The Old Man and the Ghosts: Preface

Charles Dickens, as you may or may not have known, made his career as a novelist by writing serials — that is, much of his better fiction was initially published in serial parts in periodicals rather than first as a whole. He was paid by the piece, not by the word (although it is tempting, given his style, to imagine that this might have been so).

Piece by piece, a story gets to live in its own punctuated absences, involving the reader in the anticipatory wonder of waiting.

* * *

I have been sitting in the pit, sawing away (not especially well, to be honest) on my violin, for a very good local community theatre production of the Menken/Ahren musical version of Dickens’ A Christmas Carol. It is one of many, many re-imaginings or adaptations of the story, and like most of them it remains essentially faithful to the original’s structure and content. This is the story of a man redeemed. It is the story of a man who finds his better nature, a man who is given a second chance and takes it. This is a tale grounded quite comfortably in its original social and religious context. It is a ghost story, but it is not a terrible or terrifying ghost story — or rather, what is frightening in it is not the ghosts. What is truly frightening in this tale lies in Scrooge’s life and prospects. The real danger is always to his soul, and it is a danger he risks as the result of his own choices.

One has ideas, sometimes, sitting there and struggling to play.

One has ideas about the story.

What would happen if it were NOT a redemptive story? What if the real meaning of the events in this tale were…well, something else? What else could Scrooge’s tale mean? What other kind of ghost story could it be? What if there were true malice in Marley’s ghost? What if the three spirits were three forms of temptation?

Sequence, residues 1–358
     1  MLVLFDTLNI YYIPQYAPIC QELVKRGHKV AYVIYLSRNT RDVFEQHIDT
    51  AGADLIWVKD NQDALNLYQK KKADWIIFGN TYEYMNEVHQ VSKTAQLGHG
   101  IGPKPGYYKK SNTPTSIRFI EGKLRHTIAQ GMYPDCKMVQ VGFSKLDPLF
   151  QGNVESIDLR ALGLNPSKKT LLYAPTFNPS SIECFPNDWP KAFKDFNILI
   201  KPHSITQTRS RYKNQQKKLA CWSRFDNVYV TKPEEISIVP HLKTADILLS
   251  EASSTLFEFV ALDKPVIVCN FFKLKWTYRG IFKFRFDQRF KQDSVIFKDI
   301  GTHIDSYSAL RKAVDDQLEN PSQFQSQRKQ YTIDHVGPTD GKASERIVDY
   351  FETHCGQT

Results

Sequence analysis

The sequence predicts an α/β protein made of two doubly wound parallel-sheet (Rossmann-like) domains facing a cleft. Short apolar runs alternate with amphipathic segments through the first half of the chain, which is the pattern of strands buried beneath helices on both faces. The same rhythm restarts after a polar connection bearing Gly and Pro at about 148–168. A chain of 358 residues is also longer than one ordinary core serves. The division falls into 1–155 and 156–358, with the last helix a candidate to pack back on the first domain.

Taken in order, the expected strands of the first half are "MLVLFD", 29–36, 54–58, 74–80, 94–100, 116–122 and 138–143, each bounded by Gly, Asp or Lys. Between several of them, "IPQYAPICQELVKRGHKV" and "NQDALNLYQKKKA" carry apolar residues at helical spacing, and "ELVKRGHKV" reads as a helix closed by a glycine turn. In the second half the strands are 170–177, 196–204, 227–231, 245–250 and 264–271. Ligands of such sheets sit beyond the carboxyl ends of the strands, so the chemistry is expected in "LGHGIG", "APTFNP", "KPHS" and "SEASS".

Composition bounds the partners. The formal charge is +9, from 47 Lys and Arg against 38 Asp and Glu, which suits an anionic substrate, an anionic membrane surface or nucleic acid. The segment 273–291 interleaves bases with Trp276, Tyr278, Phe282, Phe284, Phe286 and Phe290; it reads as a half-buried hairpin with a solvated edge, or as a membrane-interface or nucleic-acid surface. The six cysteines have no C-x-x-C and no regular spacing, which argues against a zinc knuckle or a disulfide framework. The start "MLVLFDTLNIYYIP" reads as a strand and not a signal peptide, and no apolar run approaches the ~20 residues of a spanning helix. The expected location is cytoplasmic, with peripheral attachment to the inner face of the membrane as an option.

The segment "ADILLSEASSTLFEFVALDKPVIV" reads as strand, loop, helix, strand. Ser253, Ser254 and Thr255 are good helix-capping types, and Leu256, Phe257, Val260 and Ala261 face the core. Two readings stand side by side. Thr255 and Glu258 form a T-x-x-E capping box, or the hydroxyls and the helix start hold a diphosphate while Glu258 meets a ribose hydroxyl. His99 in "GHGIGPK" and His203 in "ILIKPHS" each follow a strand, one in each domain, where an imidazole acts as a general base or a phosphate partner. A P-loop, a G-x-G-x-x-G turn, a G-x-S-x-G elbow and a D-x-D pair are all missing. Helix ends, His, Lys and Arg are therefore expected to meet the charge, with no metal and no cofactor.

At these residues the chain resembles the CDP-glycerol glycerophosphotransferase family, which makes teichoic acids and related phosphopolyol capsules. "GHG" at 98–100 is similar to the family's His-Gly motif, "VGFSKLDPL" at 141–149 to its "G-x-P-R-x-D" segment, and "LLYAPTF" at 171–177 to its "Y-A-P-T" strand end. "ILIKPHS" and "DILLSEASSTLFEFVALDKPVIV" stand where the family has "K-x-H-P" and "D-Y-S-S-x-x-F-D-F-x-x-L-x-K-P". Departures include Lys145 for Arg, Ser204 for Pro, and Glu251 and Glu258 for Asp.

* * *

The fun thing about having a blog that almost nobody reads is that I feel perfectly free to experiment with fiction in an alarmingly public way. I know nothing at all about writing good fiction. I read quite a lot, but competent consumption is not the same as competent production.

This will be an experiment in very short serial fiction. I want to see what happens.

I want to see what happens to Ebenezer.

So I’m going to write him. I’m going to write him in a few wee little pieces, just suggestive snippets of a tale.

Let’s see what happens!


About L. M. Bernhardt

For a good long while (15 years or so), I taught philosophy at a little private university in northwest IA, and occasionally branched out into playing music, dabbling in photography, experimenting with food, and writing nonsense on my blog. The philosophy teaching part ended in 2017 (program elimination via prioritization), but never fear! I've just finished my MLIS at San Jose State University, and I'm currently on the market looking for new adventures in either philosophy or LIS. For now, I labor at a fairly interesting administrative job in order to support my dogs in the lavish manner to which they've become accustomed.
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